You don't need to be Jewish to know about the Passover. Or is it a Muslim festivity also? Just like Christmas day is nowadays recognized internationally and basic facts about it are known by almost everyone, so it is that you probably know more about the Passover than you think you do. Or do you? Take our fun and informative trivia questions test about it and find out what you know and what you may be missing!
Answer: Two times
More information: Traditionally, everyone present during the Seder meal is required to wash his or her hands twice. The first washing of the hands takes place after the Kiddush. The second takes place just before the matzah is blessed.
Answer: Passover Seder
More information: The Passover Seder is the Jewish ritual dinner that is enjoyed on either the first night or the first and second nights of Passover. In Israel, the Seder is held only on the first night of Passover.
Answer: The exodus/freedom of Jews from slavery in Egypt.
More information: Passover commemorates how Moses safely and successfully led the Jews out of Egypt, where they had spent centuries living in slavery under various Egyptian Pharaohs.
More information: At the beginning of the Seder, the youngest child or person present is customarily required to ask four important questions about the main traditions of the Passover.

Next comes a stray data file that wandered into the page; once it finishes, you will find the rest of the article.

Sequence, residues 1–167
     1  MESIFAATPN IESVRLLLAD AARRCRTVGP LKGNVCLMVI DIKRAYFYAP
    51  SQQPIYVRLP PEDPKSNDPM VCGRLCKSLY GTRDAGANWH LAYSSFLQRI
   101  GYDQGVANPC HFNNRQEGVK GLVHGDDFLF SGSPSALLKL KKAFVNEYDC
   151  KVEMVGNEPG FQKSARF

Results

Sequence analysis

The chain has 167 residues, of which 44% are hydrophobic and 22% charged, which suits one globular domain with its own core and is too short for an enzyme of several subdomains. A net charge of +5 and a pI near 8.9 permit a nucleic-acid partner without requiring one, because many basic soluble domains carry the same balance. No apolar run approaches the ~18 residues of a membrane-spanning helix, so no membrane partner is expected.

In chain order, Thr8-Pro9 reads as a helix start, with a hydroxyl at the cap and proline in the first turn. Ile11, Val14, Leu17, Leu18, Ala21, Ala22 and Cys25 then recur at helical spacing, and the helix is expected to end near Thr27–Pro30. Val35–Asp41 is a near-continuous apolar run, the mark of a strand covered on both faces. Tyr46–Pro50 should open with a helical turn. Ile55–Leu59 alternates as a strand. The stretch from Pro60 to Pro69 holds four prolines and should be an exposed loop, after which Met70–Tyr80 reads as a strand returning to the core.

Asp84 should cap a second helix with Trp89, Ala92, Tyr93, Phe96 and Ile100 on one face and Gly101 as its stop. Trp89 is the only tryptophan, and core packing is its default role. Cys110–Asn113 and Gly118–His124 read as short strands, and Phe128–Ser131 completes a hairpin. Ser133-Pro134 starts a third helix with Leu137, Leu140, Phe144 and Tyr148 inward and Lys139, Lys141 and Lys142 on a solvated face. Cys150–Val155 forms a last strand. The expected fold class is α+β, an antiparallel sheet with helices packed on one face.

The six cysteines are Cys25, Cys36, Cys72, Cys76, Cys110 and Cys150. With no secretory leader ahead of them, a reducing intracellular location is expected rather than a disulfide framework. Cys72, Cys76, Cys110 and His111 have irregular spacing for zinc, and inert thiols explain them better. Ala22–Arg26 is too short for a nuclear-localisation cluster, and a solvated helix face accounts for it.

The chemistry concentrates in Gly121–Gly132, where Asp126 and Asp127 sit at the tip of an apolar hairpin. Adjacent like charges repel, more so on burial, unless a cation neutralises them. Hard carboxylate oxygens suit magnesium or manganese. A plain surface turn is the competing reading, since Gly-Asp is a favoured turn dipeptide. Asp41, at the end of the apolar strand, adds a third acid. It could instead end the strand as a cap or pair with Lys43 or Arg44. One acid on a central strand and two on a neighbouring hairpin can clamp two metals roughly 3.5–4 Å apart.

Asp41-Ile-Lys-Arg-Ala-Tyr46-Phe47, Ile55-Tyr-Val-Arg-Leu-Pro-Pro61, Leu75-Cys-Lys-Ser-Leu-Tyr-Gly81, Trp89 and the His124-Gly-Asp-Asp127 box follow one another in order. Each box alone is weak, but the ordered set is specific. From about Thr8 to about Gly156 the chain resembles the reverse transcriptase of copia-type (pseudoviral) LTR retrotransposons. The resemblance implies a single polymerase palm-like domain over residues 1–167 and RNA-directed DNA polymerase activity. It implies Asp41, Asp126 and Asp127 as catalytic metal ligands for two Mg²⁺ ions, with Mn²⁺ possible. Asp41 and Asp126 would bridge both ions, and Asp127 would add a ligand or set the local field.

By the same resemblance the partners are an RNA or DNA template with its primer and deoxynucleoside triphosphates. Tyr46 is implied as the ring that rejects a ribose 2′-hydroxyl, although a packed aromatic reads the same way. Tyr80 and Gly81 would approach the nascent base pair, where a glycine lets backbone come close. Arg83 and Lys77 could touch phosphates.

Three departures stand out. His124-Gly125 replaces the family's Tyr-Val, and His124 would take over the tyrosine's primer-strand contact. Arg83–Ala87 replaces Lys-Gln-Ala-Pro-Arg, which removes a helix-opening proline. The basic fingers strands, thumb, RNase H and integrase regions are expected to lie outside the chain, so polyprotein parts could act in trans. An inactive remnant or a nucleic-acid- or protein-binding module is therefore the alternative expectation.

More information: In the olden days, only a free person had the privilege to recline during meals. The servants and slaves, on the other hand, would often stand. Owing to this, the reclining position Jews assume at the Seder table is in celebration of the fact that they are free and no longer slaves.
More information: An empty chair is often left at the Passover Seder table for Prophet Elijah. This empty seat is traditionally at the head of the table. In addition to this seat, a cup of wine is placed untouched at the table for Elijah. Based on the teachings of Judaism, it is believed that someday, Prophet Elijah will take his sit on that empty chair and announce the arrival of King Messiah (also known as Moshiach in Hebrew).
Answer: Seven or Eight days
More information: Passover is often celebrated for seven or eight days. However, most Jews around the world observe it for eight days.
More information: In the Passover story, Moses is regarded as the most important figure simply because he was the one responsible for leading the enslaved Jews in Egypt to freedom in Canaan (also known as the "Promised Land").
Answer: 14th day of Iyar
More information: The Second Paassover (also called "Pesach Sheni") is observed on the 14th day of the Hebrew Calendar month of Iyar. Pesach Sheni was created for those who (for some reason) didn't have the opportunity to observe the first Passover.
More information: The Jewish text of Haggadah is always recited by the gathering at the Passover Seder. The Haggadah, which translates to "telling" in the Hebrew language, recounts the tale of the Israelites journey to freedom from slavery in Egypt.